To create safety in the face of all the unknowns, we offered the students additional mentorship, coaching, and a human-to-human touch of compassion, kindness, and support, and brainstormed strategies to help them cope. We embraced the multiple roles we now occupied in our students’ lives and applied an approach to teaching that not only was person-centered but also addressed the needs of the group. If not for our clinical experience, this rapid and necessary adjustment to addressing individual student needs may not have been as successful.
As leaders of social service and clinical programs, we encourage staff to engage in self-care as they face challenges of organizational stress and trauma (Bloom, 2010; Arnett & Baron, 2017). Comparatively, we paralleled the need for self-care in organizations to our need for self-care in the teaching environment as we strived to support students. As forms of self-care, we increased collaboration and communication with each other as coworkers and fellow professors. We spent countless hours discussing what was happening around us, and the effects on our personal lives, on our teaching, and on our students, just as colleagues would discuss client care in clinical practice.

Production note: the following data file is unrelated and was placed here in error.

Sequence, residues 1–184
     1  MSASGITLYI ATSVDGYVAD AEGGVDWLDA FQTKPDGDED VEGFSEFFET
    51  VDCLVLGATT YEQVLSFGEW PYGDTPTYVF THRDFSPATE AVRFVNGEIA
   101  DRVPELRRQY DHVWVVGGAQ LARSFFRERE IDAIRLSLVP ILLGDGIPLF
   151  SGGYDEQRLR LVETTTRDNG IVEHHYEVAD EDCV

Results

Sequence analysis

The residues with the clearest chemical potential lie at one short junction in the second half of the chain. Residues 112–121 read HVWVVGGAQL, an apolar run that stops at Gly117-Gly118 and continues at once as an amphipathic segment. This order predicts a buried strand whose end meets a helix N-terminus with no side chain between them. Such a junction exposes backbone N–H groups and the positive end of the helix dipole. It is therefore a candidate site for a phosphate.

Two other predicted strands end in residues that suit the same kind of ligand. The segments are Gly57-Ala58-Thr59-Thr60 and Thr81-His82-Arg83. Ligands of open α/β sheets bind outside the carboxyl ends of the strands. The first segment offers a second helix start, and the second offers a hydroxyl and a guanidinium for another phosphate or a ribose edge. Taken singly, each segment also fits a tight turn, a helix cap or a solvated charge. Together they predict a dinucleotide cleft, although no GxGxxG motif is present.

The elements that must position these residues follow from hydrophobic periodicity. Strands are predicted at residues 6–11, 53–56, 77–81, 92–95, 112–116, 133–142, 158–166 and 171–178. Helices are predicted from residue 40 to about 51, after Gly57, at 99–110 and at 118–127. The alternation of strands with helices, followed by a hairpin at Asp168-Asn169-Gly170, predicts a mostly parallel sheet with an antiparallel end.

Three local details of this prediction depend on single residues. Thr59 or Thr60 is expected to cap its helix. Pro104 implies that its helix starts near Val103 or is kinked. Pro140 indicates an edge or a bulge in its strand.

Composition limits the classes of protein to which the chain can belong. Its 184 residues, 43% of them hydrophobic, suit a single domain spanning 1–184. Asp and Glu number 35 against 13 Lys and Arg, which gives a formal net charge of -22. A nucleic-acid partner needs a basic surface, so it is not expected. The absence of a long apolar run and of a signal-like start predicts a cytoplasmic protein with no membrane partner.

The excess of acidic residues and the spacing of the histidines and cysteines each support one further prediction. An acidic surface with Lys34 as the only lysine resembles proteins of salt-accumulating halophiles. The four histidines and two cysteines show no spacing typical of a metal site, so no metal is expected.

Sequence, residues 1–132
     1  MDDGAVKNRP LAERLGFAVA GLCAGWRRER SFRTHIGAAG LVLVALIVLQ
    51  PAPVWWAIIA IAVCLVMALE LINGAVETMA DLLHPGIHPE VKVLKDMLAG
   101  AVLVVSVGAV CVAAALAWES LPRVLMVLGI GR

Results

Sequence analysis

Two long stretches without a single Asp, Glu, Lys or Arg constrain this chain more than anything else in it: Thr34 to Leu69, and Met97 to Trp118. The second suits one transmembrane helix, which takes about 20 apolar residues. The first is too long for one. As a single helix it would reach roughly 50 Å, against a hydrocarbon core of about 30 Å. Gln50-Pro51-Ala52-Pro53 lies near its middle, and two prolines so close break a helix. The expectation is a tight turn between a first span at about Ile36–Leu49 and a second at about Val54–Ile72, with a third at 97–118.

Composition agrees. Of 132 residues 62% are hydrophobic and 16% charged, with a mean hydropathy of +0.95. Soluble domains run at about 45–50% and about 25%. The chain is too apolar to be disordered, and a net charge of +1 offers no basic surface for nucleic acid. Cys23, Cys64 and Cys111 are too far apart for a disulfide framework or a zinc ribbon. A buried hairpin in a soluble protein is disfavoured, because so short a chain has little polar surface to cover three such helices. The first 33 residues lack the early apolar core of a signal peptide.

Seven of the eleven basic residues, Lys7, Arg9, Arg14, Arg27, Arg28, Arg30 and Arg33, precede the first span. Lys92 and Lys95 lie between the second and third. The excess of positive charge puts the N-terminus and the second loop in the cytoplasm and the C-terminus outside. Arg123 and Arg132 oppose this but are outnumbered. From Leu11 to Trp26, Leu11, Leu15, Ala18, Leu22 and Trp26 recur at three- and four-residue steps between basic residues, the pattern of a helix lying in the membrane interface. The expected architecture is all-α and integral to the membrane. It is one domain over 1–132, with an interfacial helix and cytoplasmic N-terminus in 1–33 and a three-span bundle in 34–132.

We worked together to develop strategies and methods for adjusting our respective curricula to ensure the delivery was creative and engaging yet responsive to students’ individual needs. We coordinated the content of our lectures and the scheduling of due dates so that major assignments and exams did not overlap, which allowed students the opportunity to allocate study time efficiently. To reinforce a sense of purpose as social workers and the need for new social workers in the field, we used the gravity of the situation to illuminate the importance of remaining solution-focused, especially in the face of adversity.